Once we were out of stinging distance, I sprayed him down with water to get rid of any wasps still hanging around. Then I gave him Benadryl, before jogging back to the car and bringing him to the vet.
He needed a large dose of steroids as well as several days worth of Benadryl to completely reduce the swelling from his anaphylactic reaction.
The dose for benadryl is 1mg per pound, although your vet may dose higher than that based on the severity of the reaction. Always seek medical attention if your dog experiences any facial swelling or difficulty breathing.
#2 - Lacerations
When we lived up in North Hero, we were right on the water, which was great for swimming. The big risk with swimming dogs in Lake Champlain (other than blue green algae toxicity) is sharp zebra mussel shells.
Toby was unfortunately the victim of a razor sharp shell, which made a deep laceration in his pad. I applied pressure to his wound while Kate ran inside to get some vet wrap and gauze. When she came back, I packed some gauze pads against the wound and wrapped his foot with vet wrap to continue pressure application on our trip to the vet.
The veterinarian had to put in several staples to close the wound and prescribed both pain medication and antibiotics. The staples came out a week later, and Toby was returned to tip top shape.
If the wound had been shallow, I would have cleaned it with antibacterial soap, dried it well and applied triple antibiotic ointment (make sure you don't buy the kind with pain relief added). Keep shallow wounds clean and dry, applying triple antibiotic ointment 2-3 times daily. Seek veterinary attention if redness, swelling or discharge are present or if your pet seems uncomfortable.
#3 - Broken Nails
When a dog breaks a nail, it exposes the quick. This causes bleeding and discomfort. It also leaves your pet vulnerable to infection.
Clip back the nail if you can. Sometimes your vet may need to remove part of the nail with hemostats. Apply styptic powder to stop the bleeding. If this doesn't work, apply gauze and vet wrap for pressure, removing the bandage in 1 hour.
Depending on the severity of the break, you may need to involve your veterinarian to cauterize the quick, remove broken nail fragments and prescribe antibiotics. Keep your dogs nails trimmed short to help prevent breaks.
#4 - Diarrhea
At some point in your time as a pet parent, you're going to have to deal with stomach upset. Diarrhea can have many causes from intestinal parasites to lymphoma. Here are some warning signs that you should seek veterinary attention:
• Black, tarry stool, or stool with copious amounts of fresh blood (bright red)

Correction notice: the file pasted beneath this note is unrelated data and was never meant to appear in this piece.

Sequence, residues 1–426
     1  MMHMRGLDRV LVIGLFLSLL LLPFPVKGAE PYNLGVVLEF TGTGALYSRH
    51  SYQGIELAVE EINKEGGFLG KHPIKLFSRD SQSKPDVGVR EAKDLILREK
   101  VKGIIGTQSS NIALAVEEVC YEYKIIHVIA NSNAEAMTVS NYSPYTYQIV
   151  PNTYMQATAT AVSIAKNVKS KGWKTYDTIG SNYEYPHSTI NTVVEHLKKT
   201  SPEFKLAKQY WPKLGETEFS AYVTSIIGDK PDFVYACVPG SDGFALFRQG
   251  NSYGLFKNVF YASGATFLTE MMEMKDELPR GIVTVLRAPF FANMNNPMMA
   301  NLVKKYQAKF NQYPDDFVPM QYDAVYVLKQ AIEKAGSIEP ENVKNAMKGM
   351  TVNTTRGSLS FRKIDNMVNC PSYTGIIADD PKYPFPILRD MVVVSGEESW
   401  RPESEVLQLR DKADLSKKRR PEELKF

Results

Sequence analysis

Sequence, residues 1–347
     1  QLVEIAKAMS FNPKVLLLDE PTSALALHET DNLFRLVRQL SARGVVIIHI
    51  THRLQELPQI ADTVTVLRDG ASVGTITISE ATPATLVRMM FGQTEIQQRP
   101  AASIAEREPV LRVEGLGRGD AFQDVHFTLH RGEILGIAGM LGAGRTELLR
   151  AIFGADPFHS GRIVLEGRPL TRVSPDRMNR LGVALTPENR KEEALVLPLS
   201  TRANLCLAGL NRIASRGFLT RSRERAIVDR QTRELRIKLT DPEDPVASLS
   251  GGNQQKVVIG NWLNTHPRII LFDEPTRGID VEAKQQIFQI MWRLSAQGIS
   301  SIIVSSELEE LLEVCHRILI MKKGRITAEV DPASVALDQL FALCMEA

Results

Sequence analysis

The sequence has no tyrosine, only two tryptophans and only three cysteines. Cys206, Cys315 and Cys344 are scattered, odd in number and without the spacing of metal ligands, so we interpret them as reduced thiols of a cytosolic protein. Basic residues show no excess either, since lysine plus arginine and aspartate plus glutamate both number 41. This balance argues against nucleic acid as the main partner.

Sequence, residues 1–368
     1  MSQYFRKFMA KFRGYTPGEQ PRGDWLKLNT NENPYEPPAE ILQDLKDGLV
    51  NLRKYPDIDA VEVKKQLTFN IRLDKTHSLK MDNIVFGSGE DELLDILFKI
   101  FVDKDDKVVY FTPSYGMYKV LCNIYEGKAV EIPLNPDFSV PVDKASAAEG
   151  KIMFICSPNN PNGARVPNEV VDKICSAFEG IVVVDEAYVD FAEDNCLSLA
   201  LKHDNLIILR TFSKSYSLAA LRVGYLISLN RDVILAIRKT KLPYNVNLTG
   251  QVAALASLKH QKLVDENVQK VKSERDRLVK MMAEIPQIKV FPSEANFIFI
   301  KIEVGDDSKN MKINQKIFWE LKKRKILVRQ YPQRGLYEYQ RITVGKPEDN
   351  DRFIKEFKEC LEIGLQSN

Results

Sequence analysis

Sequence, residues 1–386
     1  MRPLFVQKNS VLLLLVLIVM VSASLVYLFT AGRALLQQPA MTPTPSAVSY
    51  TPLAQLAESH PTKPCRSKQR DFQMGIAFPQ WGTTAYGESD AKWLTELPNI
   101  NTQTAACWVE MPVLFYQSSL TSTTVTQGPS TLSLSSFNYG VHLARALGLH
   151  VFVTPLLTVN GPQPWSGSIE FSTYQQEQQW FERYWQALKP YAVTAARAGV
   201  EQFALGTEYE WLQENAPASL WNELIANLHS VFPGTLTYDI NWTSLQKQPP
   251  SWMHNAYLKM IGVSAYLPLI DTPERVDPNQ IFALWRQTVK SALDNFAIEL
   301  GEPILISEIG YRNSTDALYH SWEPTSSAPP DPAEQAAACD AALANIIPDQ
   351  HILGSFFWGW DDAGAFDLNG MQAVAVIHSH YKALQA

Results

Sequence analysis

• Loss of appetite
• Marked lethargy
• Frequent vomiting
• Signs of abdominal pain (bloating, groaning, panting rapidly or avoidance response when belly is touched)
• Lasts longer than 48 hours (Since it can rapidly weaken puppies and geriatrics, or dogs with chronic diseases, they may need veterinary attention sooner.)
If your dog doesn't meet that criteria, it's safe to try treating at home. Fast your dog from it's usual food and feed only boiled white rice mixed with small amounts of boiled chicken or ground beef. You can also administer 1cc of pepto bismol for every 10 pounds of body weight twice daily. As the diarrhea resolves, slowly reintroduce your dog's regular food.
#5 - Toxic Substance & Foreign Body Ingestion
There are a lot of things we eat that our pets shouldn't. To name a few:
As a vet tech I saw dogs come in to the clinic having eaten a wide variety of things including baby diapers, socks, rocks, tennis balls and jewelery. These foreign objects can cause intestinal obstructions requiring major surgery.
If your dog eats something it shouldn't, and you catch it within 20 minutes, you can induce vomiting at home with hydrogen peroxide (3%). Give 1 cc per pound of body weight. Do not dose more than once, too much peroxide can cause gastric ulcers. Seek medical attention from your vet who has other ways to induce vomiting or neutralize a toxin.
DO NOT induce vomiting if your dog has ingested cooked bones, they can splinter and cause perforation. Feed your dog several pieces of white bread and monitor closely for vomiting, diarrhea, difficulty defecating, loss of appetite and discomfort. Seek medical attention if any of those symptoms occur.
Things to Remember:
If your pet's body temperature is above 102.5 degrees Fahrenheit that constitutes a fever. If it goes above 103.5, seek immediate medical attention.
All of the conditions mentioned above are painful. Pain can cause any animal, no matter how friendly under normal circumstances, to bite. Having a muzzle on hand is a must.